rinsed in fresh buffer solution for 24 h and stored in 50%
glycerol.
Each muscle was oriented on a glass plate that was
illuminated
from beneath to provide a clear view of the
course of the fibers. The base of a protractor was placed
along the line of pull of the muscle, and the angle of
1715
1716
POWELL
pinnation
(0) in one dimension was measured in the
proximal, middle, and distal portions of the muscle.
Approximately
10 measurements were taken within a
muscle, and the variability in 8 was less than 20%. Thus
an average 8 was recorded for each muscle. The length
of the muscle was measured, using vernier calipers, as
the distance between the termination
of the muscle fibers
at the origin and at the insertion. The muscles were
visually divided into proximal, distal, and deep portions.
Using fine-tipped surgical forceps, three to five bundles
consisting of 75-100 fibers were teased from each area
and placed on a glass plate. Each bundle was further
subdivided under a dissection microscope. The lengths
of 20-40 small fiber bundles (lo-15 fibers) from each
muscle area were measured with vernier calipers and
were compared for consistency. These small fiber bundle
lengths were considered to be the fiber lengths (FL).
Generally, the muscle bundle lengths were consistent
throughout a given muscle, i.e., the FL ranged between
means t 10% except where noted in RESULTS. Single
muscle fibers were isolated from each portion of the
muscle and mounted on glass slides in glycerine jelly.
Using a microscope (x400) with a calibrated eyepiece
micrometer, the number of sarcomeres arranged in series
over a 50-pm distance at several sites along the length of
the fiber was counted to determine the average length of
a sarcomere. The FL then were normalized (corrected
FL) to a sarcomere length of 2.2 pm (13) to allow for
intermuscular COmpariSOns
(SW DISCUSSION).
The CSA was calculated from the architectural data
using the following formula
CSA = (muscle mass) (cos @/(FL) (muscle density)
where individual
muscle masses were taken from the
contralateral limb (g), 8 was the average measured angle
of deviation from the line of pull of the muscle fibers
(degrees), FL was the mean FL for a given muscle (cm),
and the muscle density used was 1.056 gecmB3 (19, 20).
The P, of each muscle was estimated as follows
P,est = (CSA) (specific tension)
where the specific tension
cmD2 (26, 28).
was assumed to be 22.5 N.
Physiological determinations. Adult female guinea pigs
(300-500 g) were anesthetized with pentobarbital sodium
(35 mg/kg ip). The hindlimbs were prepared for the
determinations
of in situ isometric contractile properties
as described by Roy et al. (26) and Spector et al. (28).
The muscles to be tested (listed in Fig. 2) were isolated
from the surrounding musculature and connective tissue
with the normal blood supply left intact. The nerves
innervating the muscles were isolated and severed for
stimulation of the distal stump. The distal tendons were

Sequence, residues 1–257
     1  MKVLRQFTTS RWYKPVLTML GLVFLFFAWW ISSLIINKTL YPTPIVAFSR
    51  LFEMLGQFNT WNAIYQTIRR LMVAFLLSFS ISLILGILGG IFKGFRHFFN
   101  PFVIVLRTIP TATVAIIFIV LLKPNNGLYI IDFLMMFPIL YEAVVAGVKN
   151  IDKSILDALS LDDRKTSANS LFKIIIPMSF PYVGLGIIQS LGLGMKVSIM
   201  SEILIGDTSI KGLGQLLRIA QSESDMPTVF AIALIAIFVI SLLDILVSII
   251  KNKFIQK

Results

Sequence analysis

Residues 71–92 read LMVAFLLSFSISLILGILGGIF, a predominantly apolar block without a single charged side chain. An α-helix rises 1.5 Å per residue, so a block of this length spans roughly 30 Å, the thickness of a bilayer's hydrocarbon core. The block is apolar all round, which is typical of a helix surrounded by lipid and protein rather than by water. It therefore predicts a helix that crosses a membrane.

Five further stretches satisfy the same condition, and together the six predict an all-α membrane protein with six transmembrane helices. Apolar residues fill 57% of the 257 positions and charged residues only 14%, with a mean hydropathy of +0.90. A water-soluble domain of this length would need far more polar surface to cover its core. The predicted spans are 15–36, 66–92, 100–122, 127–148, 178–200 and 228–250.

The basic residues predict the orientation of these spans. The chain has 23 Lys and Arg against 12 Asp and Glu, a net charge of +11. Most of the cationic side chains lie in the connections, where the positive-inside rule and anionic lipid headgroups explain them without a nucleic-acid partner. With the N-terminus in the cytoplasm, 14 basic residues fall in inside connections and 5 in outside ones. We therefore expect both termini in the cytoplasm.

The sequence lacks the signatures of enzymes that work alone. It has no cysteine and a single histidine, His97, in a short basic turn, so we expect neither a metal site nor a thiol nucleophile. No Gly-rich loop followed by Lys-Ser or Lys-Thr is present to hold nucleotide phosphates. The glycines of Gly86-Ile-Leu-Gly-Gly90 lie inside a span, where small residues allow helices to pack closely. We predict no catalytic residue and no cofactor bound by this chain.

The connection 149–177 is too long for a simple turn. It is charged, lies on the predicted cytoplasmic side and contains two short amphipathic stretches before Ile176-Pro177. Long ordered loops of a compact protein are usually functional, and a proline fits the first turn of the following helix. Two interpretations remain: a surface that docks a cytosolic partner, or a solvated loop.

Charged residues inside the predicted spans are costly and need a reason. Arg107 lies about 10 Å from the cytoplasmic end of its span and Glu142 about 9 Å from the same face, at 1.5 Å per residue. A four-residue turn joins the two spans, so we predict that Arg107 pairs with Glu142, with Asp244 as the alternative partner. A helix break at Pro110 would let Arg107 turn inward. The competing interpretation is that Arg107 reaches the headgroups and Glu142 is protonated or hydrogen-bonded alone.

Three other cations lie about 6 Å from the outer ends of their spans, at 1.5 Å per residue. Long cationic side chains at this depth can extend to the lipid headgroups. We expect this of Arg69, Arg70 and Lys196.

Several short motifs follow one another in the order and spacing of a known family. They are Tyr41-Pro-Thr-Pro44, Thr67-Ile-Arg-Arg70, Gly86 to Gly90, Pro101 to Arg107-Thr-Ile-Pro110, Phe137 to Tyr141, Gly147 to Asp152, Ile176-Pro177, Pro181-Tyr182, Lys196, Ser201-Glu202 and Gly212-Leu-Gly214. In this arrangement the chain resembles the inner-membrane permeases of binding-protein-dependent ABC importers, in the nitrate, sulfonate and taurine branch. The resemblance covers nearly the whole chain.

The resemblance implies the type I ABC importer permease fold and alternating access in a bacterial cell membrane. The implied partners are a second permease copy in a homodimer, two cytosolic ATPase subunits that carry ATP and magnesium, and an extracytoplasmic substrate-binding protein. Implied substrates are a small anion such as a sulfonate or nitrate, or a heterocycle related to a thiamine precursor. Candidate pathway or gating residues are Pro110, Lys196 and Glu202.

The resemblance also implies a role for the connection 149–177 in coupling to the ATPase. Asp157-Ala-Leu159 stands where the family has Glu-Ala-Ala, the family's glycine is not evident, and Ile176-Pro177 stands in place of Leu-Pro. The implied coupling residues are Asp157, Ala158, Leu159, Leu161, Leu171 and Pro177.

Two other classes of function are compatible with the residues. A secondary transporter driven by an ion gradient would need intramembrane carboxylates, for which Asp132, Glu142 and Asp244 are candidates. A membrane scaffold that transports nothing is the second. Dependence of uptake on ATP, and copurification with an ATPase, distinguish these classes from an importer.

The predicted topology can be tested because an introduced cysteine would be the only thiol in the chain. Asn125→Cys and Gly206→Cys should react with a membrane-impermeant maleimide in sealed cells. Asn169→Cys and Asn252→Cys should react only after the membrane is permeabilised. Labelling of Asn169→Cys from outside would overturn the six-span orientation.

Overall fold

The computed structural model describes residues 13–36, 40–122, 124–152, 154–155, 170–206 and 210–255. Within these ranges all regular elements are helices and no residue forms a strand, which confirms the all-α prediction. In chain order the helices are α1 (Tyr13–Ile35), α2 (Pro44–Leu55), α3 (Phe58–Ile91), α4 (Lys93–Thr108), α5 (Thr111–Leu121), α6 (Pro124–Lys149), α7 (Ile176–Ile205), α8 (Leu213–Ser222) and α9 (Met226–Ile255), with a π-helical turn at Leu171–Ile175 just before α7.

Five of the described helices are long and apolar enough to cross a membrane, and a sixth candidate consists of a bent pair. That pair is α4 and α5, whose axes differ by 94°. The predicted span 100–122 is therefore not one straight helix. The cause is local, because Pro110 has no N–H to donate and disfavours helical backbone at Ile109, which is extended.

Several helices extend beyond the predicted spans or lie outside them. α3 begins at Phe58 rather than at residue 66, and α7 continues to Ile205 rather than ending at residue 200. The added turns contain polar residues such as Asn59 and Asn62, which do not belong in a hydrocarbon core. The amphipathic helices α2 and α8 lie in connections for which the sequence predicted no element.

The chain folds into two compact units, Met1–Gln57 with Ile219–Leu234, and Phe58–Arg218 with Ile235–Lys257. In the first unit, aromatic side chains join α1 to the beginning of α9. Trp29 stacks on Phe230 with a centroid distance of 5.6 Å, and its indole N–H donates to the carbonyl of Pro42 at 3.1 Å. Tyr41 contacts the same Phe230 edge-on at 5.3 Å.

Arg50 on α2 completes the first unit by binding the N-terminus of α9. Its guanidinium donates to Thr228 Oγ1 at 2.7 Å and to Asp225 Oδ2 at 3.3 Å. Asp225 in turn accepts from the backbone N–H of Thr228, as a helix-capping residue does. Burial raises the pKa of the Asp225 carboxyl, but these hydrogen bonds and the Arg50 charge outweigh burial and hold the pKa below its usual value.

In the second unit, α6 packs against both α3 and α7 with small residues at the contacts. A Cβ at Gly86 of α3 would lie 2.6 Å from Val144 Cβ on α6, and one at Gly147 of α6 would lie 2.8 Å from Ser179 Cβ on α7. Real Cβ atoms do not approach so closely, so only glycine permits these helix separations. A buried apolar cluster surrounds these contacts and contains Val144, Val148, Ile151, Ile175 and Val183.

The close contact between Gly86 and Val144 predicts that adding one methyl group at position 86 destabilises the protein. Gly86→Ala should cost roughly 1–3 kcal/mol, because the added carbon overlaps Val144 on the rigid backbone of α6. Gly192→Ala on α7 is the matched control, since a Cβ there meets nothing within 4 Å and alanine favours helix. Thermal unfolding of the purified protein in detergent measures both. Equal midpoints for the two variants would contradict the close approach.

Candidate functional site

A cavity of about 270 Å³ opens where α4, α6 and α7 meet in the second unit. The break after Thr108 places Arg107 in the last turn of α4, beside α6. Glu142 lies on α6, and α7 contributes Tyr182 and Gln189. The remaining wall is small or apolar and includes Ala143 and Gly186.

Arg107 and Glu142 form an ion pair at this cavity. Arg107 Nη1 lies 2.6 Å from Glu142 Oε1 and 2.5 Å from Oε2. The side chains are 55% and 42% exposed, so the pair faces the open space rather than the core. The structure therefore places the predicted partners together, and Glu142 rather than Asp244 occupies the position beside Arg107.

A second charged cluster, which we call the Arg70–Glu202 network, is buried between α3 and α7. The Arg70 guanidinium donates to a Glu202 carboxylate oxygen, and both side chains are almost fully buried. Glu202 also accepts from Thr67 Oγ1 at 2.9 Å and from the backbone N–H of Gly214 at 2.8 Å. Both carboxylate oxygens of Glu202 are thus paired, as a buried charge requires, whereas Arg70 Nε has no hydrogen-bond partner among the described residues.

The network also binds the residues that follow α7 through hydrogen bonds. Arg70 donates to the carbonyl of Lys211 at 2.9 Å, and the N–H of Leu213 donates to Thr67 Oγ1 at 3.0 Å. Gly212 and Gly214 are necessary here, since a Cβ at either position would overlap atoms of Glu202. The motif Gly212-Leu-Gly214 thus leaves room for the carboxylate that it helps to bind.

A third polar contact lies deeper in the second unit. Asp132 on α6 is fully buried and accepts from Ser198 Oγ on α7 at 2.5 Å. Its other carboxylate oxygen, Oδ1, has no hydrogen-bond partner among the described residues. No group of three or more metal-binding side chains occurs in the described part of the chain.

separated from their attachments and tied with 2-O nylon
ligature. The animal was placed in a frame with the lower
extremities stabilized by clamps with a fixed knee position of -90’. The surrounding skin was used to form a
mineral oil bath, which was maintained at 36 t 1°C using
a radiant heat lamp and a thermistor-controlled
heating
element. Core temperature was maintained at near normal bv a water-circulating
heating pad and a heat lamp.
ET
AL.
The muscle tendons (via the nylon ligature) were
attached to an isometric transducer (Statham UC3:ULA20). All events were recorded simultaneously on a polygraph recorder and an FM tape recorder at 3.75 in./s
(Vetter Instruments model D) and monitored on a storage oscilloscope. Contractions were elicited by stimulation through the severed nerve trunk with bipolar silver
electrodes. The stimulus was a square-wave pulse of 0.2ms duration. Initially
the muscle length at which the
maximum
twitch tension could be elicited was determined. Stimulus strength then was set at approximately
twice the minimum
required to produce the maximum
twitch tension at this muscle length. A frequency of 200
Hz with a 330-ms duration was used to determine P, in
all muscles. This frequency was chosen because preliminary results in guinea pigs (unpublished observations)
and previous results in rats (26) indicated that there was
~5% difference between the tension produced at 100 and
200 Hz even in predominately
slow muscles. Muscle
length was first decreased and then increased in l-mm
increments until a decrease in tension was recorded at
either end of the length-tension
curve. Two minutes of
recovery, during which the muscle was stimulated at 0.05
Hz, were allowed between each maximum contraction.
The maximum
force production
of each muscle was
determined
using a minicomputer
(Hewlett-Packard
MX21). Analog-to-digital
sampling rate for each contraction was 1,000 Hz. At the end of the experiment the
guinea pigs were given an overdose of pentobarbital
sodium. The muscles of interest were removed, carefully